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Mathematics in economics: Schmoller, Menger and Jevons

Mathematics in economics: Schmoller, Menger and Jevons Investigates the economic methodologies of Carl Menger, William Stanley Jevons and Gustav Schmoller with respect to the issue of whether mathematics is or is not an adequate language to express economic relationships. First, Menger's and Jevons's respective methodologies are identified as Aristotelian which means, inter alia, that economic properties are real, are naturally related to each other, exist as part of the observable world and can be separated (in thought or otherwise) from other properties. Second, it is shown how this general Aristotelian outlook has very different implications for Menger's and Jevons's thinking about mathematics. Third, these two "monogenetic" views are contrasted with Gustav Schmoller's "polygenetic" approach which holds that a purely deductive economics, based on a small number of self-evident principles, is inadequate for social purposes. http://www.deepdyve.com/assets/images/DeepDyve-Logo-lg.png Journal of Economic Studies Emerald Publishing

Mathematics in economics: Schmoller, Menger and Jevons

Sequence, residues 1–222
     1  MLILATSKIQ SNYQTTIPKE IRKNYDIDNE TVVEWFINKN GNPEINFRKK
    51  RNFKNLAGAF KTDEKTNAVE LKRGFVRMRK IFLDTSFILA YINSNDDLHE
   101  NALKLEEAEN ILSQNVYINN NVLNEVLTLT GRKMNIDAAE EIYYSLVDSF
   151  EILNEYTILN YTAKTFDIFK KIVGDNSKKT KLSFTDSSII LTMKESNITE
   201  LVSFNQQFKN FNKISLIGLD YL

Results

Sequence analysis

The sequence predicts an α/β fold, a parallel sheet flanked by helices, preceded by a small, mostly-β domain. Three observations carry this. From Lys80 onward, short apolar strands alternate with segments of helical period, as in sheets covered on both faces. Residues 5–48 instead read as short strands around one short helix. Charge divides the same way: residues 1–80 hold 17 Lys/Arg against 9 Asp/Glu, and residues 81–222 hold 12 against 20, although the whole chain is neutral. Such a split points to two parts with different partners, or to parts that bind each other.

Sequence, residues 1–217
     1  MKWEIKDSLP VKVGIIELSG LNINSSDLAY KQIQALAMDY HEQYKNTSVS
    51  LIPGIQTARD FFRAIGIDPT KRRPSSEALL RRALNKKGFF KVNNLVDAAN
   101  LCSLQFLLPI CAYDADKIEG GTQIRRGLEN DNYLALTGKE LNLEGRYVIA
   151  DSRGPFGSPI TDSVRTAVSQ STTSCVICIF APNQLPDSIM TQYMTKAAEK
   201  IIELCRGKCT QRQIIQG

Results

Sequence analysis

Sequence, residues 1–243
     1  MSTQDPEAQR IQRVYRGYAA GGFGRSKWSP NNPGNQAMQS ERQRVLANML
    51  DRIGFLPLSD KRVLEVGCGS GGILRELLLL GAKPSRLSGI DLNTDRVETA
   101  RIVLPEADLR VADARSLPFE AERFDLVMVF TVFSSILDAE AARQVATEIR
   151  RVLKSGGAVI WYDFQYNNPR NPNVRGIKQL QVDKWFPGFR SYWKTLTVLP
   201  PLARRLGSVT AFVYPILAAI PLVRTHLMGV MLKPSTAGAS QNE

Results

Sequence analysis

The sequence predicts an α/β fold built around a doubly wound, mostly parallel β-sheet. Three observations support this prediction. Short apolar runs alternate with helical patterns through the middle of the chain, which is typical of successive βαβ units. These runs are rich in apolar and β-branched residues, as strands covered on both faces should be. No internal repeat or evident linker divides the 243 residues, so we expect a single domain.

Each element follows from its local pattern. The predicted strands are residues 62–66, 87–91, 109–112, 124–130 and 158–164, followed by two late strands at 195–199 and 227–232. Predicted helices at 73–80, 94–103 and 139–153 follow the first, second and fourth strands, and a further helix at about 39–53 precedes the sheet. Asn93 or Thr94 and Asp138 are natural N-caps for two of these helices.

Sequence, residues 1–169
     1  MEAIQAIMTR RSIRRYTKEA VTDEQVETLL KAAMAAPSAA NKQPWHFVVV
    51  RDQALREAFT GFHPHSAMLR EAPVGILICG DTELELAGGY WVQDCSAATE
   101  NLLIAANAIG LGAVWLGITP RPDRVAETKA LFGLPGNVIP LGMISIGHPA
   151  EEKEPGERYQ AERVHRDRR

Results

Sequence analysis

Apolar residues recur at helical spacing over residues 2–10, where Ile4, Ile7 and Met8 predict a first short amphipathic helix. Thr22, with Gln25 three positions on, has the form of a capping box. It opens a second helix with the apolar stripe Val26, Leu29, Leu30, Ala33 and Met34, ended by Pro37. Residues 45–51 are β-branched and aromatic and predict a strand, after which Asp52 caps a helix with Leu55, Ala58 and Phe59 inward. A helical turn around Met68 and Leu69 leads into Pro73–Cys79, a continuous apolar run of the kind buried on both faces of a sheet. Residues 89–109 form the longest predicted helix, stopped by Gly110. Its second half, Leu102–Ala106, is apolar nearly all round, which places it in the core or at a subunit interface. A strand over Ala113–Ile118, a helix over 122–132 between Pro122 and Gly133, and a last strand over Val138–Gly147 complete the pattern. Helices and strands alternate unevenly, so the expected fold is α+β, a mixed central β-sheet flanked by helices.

Journal of Economic Studies , Volume 27 (4/5): 15 – Aug 1, 2000

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Publisher
Emerald Publishing
Copyright
Copyright © 2000 MCB UP Ltd. All rights reserved.
ISSN
0144-3585
DOI
10.1108/01443580010342393
Publisher site
See Article on Publisher Site

Abstract

Investigates the economic methodologies of Carl Menger, William Stanley Jevons and Gustav Schmoller with respect to the issue of whether mathematics is or is not an adequate language to express economic relationships. First, Menger's and Jevons's respective methodologies are identified as Aristotelian which means, inter alia, that economic properties are real, are naturally related to each other, exist as part of the observable world and can be separated (in thought or otherwise) from other properties. Second, it is shown how this general Aristotelian outlook has very different implications for Menger's and Jevons's thinking about mathematics. Third, these two "monogenetic" views are contrasted with Gustav Schmoller's "polygenetic" approach which holds that a purely deductive economics, based on a small number of self-evident principles, is inadequate for social purposes.

Journal

Journal of Economic StudiesEmerald Publishing

Published: Aug 1, 2000

Keywords: Mathematics; Economic theory

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